The Annealing Of Lead Zirconium Titanate Thin Films

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This paper will focus on how the annealing of lead zirconium titanate thin films affects its various properties, including its microstructure and electrical properties. This includes examining factors such as the annealing methods, environment, temperature, hold time and heating rate. Lead zirconium titanate is important because improvements in its production will allow for major improvements the next generation of electronic sensors and storage systems.
Piezoelectric materials are a class of materials that exhibit gaining or changing polarization when a stress is applied to the material. Polarization is the separation of charges when a material is exposed to an electric field. This ability to polarize allows
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Figure 1: Perovskite Structure of PZT (Structure of PZT)
PZT is mostly used in thin film formations and is known for its high dielectric constant, meaning that PZT can store a large amount of electric charge in an electric field. This dielectric constant depends on the film’s composition, with the highest value measured around the morphotropic phase boundary. The morphotropic phase boundary is where a ferroelectric material transitions from its tetragonal and rhombohedral phases, which for PZT is around an atomic ratio of 1.00 Pb:0.52 Zr:0.48 Ti (Chen et al., 1992). PZT is made via a number of processes where a film of the desired composition is deposited on a substrate and annealed to crystallize. The film deposition can take place in different ways, including sol-gel spin coating, molecular beam epitaxy, chemical vapor deposition, pulsed laser deposition and sputtering (Chang, 1999). While these factors have an impact on the final properties of the PZT, the final annealing determines the majority of the properties.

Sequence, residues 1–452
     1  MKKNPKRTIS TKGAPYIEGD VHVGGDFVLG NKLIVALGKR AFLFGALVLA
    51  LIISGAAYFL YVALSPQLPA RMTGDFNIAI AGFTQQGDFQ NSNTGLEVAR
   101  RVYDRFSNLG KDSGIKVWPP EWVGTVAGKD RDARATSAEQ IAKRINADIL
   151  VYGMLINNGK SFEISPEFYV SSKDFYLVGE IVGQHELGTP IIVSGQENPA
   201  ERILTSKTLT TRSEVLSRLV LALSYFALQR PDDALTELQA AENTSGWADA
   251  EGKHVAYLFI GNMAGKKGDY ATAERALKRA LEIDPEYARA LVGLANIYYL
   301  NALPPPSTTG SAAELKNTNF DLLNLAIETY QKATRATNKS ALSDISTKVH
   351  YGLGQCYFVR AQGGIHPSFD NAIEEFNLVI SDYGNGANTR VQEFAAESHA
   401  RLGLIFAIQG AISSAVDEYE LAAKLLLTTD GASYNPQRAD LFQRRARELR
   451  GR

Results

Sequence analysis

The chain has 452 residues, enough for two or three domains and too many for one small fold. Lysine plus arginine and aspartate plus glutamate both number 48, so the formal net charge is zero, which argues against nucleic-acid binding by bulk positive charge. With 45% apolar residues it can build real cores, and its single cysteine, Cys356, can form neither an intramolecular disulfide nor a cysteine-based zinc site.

The annealing of lead zirconate titanate is similar to annealing any other material where heating the material improves the crystallinity of the material and removes defects. For PZT this is especially important since the amorphous phase must transform into another phase before finally transforming into the desired perovskite phase. This intermediate phase is the pyrochlore phase, which

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